Visit the New 92Y Blog

Friday, October 28, 2011
92Y Guest Blog: Idra Novey On US/Chinese Poetry Exchange

Photo of Li-Young Lee, Xi Chuan, Marilyn Chin, Forrest Gander, and Zhou Zahn by Nancy Crampton

Today’s guest blog on poetry evenings at 92nd Street Y is by poet Idra Novey (The Next Country and Exit, Civilian). Camille Rankine kicked off the guest blog series with her post on Seamus Heaney.

Novey visited the Unterberg Poetry Center on Monday, October 10th, for our US/Chinese Poetry Exchange. Her piece begins below. As an added bonus, visit Xi Chuan’s website for the text of Forrest Gander’s introduction.

John Felsteiner says that translation is like an opened window: it lets some fresh air in and some stale air get out. The new anthology of contemporary Chinese poetry from Copper Canyon, Push Open the Window, does just that. And the fresh air it brings to American poetry is exhilarating.  At the 92nd Street Y’s event on October 10th to celebrate the anthology, audience members got to hear the poetry being written in China now, in Chinese, by two of China’s premier living poets, Xi Chuan and Zhou Zan.

Forrest Gander opened the event by reading from his superb introduction to the anthology. He offered a fascinating quote from Ha Jin, who said that if he were still writing in Chinese he would write poetry now because—and this is the line I underlined—poetry is more promising. It can do more for the language. Implicit in Gander’s inclusion of this quote was the promise of what that poetry can do not just for the language in which it was written but for the languages it enters via translation—in the English versions we would hear that evening.


Posted in Humanities All topics of 92nd Street Y at 12:39pm | Link to this item | Email this item to a friend. Email This to a Friend |

92Y Guest Blog: Connecting To The Weekly Torah Portion With Rabbi David Kalb


Rabbi David Kalb is the Director of Jewish Education for the Bronfman Center for Jewish Life at 92nd Street Y. At 92Y Rabbi Kalb directs and teaches a variety of different learning programs for a range of ages. He also officiates at Jewish life cycle events and serves as a Jewish resource to the entire professional staff and lay leadership of the 92Y. Today he wrote the following guest blog for 92Y:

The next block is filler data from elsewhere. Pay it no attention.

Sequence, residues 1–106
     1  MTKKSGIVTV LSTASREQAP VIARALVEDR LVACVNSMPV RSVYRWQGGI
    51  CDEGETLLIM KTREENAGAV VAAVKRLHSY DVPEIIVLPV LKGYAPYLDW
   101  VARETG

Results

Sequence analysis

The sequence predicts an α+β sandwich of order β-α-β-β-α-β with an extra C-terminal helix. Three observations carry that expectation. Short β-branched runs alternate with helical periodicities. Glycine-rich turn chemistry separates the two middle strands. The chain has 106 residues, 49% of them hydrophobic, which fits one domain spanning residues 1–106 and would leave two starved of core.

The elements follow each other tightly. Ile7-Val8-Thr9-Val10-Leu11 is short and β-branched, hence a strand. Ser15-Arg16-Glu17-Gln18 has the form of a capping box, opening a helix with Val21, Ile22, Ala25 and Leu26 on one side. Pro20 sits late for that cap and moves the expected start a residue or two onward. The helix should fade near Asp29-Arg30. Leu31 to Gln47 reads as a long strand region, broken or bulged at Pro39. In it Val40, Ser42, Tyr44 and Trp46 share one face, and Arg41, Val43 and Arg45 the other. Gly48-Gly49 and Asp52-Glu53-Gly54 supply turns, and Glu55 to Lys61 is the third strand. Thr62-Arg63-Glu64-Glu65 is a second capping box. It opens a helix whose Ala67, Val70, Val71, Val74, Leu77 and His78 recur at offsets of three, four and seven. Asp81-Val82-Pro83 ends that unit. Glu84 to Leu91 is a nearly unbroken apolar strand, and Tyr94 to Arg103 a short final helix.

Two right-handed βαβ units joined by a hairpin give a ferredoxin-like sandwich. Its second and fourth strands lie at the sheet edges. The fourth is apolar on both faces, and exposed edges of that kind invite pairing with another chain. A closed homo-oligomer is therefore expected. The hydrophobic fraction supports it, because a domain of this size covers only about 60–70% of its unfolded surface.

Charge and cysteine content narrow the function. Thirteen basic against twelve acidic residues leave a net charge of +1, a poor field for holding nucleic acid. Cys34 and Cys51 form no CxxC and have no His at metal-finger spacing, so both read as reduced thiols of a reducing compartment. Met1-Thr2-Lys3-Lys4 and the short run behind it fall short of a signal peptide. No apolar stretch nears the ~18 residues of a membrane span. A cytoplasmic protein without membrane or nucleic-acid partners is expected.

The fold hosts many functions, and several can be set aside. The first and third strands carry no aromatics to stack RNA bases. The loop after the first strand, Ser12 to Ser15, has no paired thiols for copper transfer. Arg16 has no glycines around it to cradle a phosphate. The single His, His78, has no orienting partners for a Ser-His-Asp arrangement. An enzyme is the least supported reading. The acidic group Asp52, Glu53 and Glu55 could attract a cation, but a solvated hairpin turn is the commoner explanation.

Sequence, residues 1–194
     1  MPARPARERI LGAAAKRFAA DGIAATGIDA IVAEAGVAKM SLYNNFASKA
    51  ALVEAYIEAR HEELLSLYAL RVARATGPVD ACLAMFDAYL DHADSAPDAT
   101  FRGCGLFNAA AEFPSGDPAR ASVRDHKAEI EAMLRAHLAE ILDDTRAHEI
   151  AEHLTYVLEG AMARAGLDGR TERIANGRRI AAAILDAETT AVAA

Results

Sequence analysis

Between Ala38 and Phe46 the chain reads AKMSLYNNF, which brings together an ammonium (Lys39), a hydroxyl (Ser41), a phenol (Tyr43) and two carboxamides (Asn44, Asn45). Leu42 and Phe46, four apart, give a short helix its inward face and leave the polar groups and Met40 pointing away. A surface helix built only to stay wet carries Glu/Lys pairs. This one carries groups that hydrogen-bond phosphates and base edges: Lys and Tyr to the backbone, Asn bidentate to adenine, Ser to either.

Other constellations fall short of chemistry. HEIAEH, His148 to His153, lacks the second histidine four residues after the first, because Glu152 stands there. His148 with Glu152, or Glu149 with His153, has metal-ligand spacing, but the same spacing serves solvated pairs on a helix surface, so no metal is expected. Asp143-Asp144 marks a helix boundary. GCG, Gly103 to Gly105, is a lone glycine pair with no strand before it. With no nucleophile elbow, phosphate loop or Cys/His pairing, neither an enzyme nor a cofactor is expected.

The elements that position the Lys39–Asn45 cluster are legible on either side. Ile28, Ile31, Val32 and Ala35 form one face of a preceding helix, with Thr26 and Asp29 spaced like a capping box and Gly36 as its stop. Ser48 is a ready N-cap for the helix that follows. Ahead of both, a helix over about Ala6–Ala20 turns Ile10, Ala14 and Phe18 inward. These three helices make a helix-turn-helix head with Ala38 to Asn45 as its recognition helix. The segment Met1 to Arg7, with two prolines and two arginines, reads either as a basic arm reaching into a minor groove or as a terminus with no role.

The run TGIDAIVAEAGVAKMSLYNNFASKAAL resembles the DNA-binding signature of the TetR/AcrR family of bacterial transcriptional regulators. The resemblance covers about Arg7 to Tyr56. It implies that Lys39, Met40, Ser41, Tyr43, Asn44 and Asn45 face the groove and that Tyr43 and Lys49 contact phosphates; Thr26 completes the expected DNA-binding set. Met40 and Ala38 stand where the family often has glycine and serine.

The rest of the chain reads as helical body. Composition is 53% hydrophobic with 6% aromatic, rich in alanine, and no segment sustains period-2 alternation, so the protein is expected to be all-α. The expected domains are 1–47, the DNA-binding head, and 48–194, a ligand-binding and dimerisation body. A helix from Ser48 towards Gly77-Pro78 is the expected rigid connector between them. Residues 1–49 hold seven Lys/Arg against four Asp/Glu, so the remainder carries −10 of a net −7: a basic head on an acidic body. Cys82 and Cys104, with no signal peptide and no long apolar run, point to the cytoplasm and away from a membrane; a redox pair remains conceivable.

What is a Tzaddik? - Noach

In this week’s parsha (Torah Portion), the Torah refers to Noach (Noah) as a tzaddik, a righteous person (Bereishit/Geneses 6:9). It is very rare in the Tanach (The Bible) and Jewish literature in general to find a person who is called a tzaddik. Moshe (Moses) does not receive this title; neither does Avraham (Abraham). Why then is Noach worthy of being referred to as a tzaddik? The French Medieval commentator Rashi comments that Noach was a tzaddik in his generation, but if he had lived in the generation of Avraham, he would not have been given the title tzaddik.


Posted in Humanities Jewish Life All topics of 92nd Street Y at 10:25am | Link to this item | Email this item to a friend. Email This to a Friend |

Page 1 of 1 pages
Highlights from the
92nd Street Y and 92YTribeca universe.
About 92nd Street Y
About 92YTribeca
Contact Us
Support Us

Sort By:
92nd Street Y Topics:
92nd Street Y News
The Arts
Jewish Life
Culture Klatsch
Tell Me Why
92YTribeca Topics:
Jewish Programs
Family Programs
Tribeca Podcasts
Search 92Y Blog

Advanced Search
<   October 2011   >
s m t w t f s
2 3 4 5 6 7 8
9 10 11 12 13 14 15
16 17 18 19 20 21 22
23 24 25 26 27 28 29
30 31

February 2012
January 2012
December 2011
November 2011
October 2011
September 2011
Recent Entries
Welcome to Podium! Issue Ten
From the Poetry Center Archive: Clare Cavanagh on Wisława Szymborska
Harkness Dance Festival Brings Exciting News
4 Tips To Getting The Most Out Of Your Tea
Are You Coming To The School Of Music Open House?
RSS Feed
Mobile Version

UJA Federation of New York

Contact Us | Privacy Statement | Policies | Site Map | Help | Press Resources
© 2008 92nd Street Young Men's and Young Women's Hebrew Association
All Rights Reserved. Click here for directions
Web Accessibility and the 92nd Street Y